Strategies to reduce IMRs and eliminate disparities among racial/ethnic populations should consider various factors that might differ by race/ethnicity. Such factors might include infant age at death, cause of death, mother’s age and health, multiple births, low birthweight, premature births, assisted reproductive technology, prenatal visits, and access to health-care services. To help identify root causes of high IMRs and develop new strategies for reducing IMRs, in 2004, a State Infant Mortality Collaborative8 was formed, which includes CDC, the Association of Maternal and Child Health Programs, and teams from five states (Delaware, Hawaii, Louisiana, Missouri, and North Carolina).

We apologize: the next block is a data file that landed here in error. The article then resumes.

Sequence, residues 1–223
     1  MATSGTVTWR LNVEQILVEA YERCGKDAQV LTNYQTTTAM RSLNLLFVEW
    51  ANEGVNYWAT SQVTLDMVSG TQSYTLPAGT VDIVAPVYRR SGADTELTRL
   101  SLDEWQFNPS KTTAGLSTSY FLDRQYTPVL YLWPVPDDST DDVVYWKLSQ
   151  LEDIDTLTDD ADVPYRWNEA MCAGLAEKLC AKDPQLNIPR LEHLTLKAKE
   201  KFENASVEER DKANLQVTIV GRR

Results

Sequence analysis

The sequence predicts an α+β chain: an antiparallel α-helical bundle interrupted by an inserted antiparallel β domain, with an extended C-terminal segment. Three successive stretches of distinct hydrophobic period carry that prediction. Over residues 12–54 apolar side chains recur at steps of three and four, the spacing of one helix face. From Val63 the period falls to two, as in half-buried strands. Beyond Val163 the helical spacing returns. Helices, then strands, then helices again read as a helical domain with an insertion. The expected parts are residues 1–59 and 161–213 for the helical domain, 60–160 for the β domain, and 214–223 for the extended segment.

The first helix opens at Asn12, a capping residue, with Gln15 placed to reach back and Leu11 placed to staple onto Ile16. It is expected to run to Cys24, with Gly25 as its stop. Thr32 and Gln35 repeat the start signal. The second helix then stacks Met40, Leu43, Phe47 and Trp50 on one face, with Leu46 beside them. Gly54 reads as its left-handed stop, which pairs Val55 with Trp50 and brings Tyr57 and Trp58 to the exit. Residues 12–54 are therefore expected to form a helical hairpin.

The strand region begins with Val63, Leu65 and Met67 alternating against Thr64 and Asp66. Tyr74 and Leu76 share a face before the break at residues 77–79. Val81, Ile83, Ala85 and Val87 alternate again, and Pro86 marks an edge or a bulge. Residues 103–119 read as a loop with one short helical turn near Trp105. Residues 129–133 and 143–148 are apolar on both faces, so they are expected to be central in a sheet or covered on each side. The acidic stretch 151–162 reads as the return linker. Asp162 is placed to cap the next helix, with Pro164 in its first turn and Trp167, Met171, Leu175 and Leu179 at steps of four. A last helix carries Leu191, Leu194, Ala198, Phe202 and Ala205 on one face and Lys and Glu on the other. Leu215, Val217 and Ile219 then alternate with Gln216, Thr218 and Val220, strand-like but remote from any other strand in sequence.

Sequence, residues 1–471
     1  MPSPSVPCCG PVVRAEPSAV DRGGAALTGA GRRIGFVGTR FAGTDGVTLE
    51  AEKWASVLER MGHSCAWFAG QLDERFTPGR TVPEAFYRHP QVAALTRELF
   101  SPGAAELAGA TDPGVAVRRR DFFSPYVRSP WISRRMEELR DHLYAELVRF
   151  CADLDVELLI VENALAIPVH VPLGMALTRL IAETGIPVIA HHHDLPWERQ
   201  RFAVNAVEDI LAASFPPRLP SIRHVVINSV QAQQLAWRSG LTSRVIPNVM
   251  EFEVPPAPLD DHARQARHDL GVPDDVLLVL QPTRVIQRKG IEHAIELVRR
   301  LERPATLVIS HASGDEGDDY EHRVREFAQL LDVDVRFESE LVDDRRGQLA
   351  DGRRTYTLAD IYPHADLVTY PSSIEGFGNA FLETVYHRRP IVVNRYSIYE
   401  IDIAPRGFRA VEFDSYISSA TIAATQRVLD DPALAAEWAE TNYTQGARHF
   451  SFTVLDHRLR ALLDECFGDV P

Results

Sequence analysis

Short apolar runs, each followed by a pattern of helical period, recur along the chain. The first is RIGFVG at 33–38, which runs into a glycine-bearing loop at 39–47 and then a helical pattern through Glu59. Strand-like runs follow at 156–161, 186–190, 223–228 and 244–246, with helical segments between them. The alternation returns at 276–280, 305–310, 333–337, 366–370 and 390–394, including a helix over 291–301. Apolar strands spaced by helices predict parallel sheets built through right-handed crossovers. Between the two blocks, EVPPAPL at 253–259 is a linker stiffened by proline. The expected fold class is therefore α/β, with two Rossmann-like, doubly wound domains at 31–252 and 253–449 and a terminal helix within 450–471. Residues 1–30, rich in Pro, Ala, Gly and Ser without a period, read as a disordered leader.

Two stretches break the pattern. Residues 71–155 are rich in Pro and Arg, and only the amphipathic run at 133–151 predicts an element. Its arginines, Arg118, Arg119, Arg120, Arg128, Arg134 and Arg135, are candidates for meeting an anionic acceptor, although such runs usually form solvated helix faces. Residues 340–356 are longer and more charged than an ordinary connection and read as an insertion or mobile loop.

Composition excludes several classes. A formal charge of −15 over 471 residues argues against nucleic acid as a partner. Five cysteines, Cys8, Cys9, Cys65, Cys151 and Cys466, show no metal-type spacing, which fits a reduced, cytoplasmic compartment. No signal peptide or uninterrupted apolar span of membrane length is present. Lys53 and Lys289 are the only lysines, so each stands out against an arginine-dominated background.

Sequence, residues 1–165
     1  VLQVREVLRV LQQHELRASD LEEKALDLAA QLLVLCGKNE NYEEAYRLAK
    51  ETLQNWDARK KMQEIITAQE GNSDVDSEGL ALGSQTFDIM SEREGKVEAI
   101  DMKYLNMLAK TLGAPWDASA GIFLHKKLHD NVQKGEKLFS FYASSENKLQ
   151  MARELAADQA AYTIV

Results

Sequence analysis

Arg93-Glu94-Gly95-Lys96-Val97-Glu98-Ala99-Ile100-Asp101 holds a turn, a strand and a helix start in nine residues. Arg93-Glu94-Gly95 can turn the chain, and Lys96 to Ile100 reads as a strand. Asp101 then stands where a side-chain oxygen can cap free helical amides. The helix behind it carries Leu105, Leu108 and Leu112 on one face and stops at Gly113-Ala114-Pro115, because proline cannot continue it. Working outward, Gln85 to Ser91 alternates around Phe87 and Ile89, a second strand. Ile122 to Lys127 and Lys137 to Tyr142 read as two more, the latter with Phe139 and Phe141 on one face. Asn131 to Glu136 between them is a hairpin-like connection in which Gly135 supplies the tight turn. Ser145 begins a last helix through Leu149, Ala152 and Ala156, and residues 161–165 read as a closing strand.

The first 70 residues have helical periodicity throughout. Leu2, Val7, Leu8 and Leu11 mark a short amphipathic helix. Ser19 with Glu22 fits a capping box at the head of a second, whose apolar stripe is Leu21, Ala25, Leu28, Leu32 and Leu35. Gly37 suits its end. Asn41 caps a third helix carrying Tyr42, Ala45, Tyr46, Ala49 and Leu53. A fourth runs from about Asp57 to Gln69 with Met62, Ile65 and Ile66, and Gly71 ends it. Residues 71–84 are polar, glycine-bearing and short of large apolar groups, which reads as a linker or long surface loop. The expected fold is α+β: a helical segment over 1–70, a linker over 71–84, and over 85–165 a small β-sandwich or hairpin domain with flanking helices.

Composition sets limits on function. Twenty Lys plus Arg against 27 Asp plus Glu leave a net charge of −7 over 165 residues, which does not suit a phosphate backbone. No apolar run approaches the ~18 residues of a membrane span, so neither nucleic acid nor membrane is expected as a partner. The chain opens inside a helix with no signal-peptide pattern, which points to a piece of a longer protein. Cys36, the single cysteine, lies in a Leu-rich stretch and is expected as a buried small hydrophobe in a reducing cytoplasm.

REFERENCES: 8 available

*Data suggest that the increase in IMR in 2002 might be largely attributed to an increase in the number of infants, across most racial/ethnic populations, who were born at extremely low birthweights (i.e., <1 pound 10.5 ounces [750 grams]) and, therefore, had less chance for survival.5